This may not be of any direct assistance but I wanted to offer a parallel example of Jew's melding into Irish Catholic society. While working in San Francisco I was introduced to a woman whose name is Yvonne O'Connor. She had 12 siblings and fell right in the middle by age. After a number of years of close friendship she told me a story about her last trip home to Dublin. To her great surprise she found an old photo in the coal shed of her grandfather. He was known as "Altman the Salt man". After some cajoling with her extended family some things became clearer to her. There were certain burial traditions that the extended family followed that clearly were not Catholic. There was one older member of thee family that would not eat pork. A member or two would not travel on the sabbath.

Eventually she was reconciled to the fact that she was Jewish. Please keep in mind that this was a Catholic girl that had to dig deep into Irish history and eventually found family names in Synagogue records. She imparted to me that "Altman the Salt man" was a character in one of James Joyce's novel "Ulysses". She is now the director of the Jewish Museum in Dublin. She speaks many languages, is well traveled and knows much about Jewish history on the "Isle". If you are inclined she might have something to offer.

There is a significant Jewish world in Scotland and it is not uncommon for people to adopt culture and unintentionally lose some family history. Good Luck!


Re: Is this name the same? #names

Sherri Bobish
 


MaryAnn,

You asked:  "Is the name MOVSHA another name for Moses?"

Yes, it is.  Moses, Movsha, Moishe, and other variations.

Hope this helps,

Sherri Bobish
Princeton, NJ


Re: Is this name the same? #names

Dr.Josef ASH
 

O, yes
as well as Moshe, Moishe, Moisej, Misha, Musa...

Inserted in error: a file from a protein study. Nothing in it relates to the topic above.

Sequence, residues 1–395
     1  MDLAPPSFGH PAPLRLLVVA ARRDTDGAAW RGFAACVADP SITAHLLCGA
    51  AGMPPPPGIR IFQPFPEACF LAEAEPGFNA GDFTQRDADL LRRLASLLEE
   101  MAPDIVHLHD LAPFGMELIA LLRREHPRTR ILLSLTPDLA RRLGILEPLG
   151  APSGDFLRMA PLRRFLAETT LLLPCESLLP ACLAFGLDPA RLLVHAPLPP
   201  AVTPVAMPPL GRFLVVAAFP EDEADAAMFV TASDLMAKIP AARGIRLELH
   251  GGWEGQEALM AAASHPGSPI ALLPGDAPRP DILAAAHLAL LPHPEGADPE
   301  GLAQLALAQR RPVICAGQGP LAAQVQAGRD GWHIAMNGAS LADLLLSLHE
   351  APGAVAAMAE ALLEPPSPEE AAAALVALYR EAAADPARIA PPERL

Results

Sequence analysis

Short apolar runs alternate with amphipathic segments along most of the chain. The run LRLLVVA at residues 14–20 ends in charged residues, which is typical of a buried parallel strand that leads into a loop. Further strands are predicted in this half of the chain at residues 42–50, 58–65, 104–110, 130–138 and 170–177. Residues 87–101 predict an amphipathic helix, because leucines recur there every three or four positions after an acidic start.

Re: Using DNA matches to find Jewish ancestors #dna

JPmiaou@...
 

Keep in mind that all admixture reports from all companies are still at the level of "for entertainment value only" -- and MyHeritage is the absolute clown of the bunch. They predict ancestry that is ridiculously false for basically everyone. (For me, it's Swedish; for my cousin, it's British Isles. Both of us actually have all of our ancestors squarely in the Carpathian Basin.)

Ashkenazi genetics is endogamous enough that it's pretty confidently identifiable, even by MyHeritage, but the percentages they report can be wildly different from other companies. When it comes to something like "West Asian", all bets are off: neither the reference populations nor the customer base have even remotely enough representatives from this area to come to any definitive conclusions.

What it comes down to is that despite what all the DNA companies would have you believe, geography is not genetic.

Julia
./\ /\
.>*.*<


Re: Looking for 19thC marriage record in NYC(?) #usa #austria-czech

Sally Bruckheimer
 

Although I said there weren't a lot of marriage licenses before 1900 in NYC, which is correct, that doesn't mean you shouldn't try. 2 sets of my ggrandparents married in 1870, and both have marriage records.

Sally Bruckheimer
Princeton, NJ


Re: Use of "ben Avraham" on a headstone #general

Jeff Lieberman
 

Thanks, Sherri. I've been able to confirm that I have the correct birth record. I know he didn't have a good childhood, and he didn't like to talk about his birth family, so it's possible that my family never knew his father's name. (His mother died a few days after he was born from a postpartum infection, his father remarried, and, apparently, he felt rejected by his father & stepmother after they had a son of their own.) His marriage application only adds to the confusion since he listed his parents as Harry & Pearl, which wasn't true. Given the circumstances, it's possible that he avoided any mention of his parents or their actual names.


Re: IAJGS Conference Announcement #jgs-iajgs #education #events #announcements

Chuck Weinstein
 

They will be available when the Conference starts.  If you are registered, you will receive further information just before the Conference begins.  

Chuck Weinstein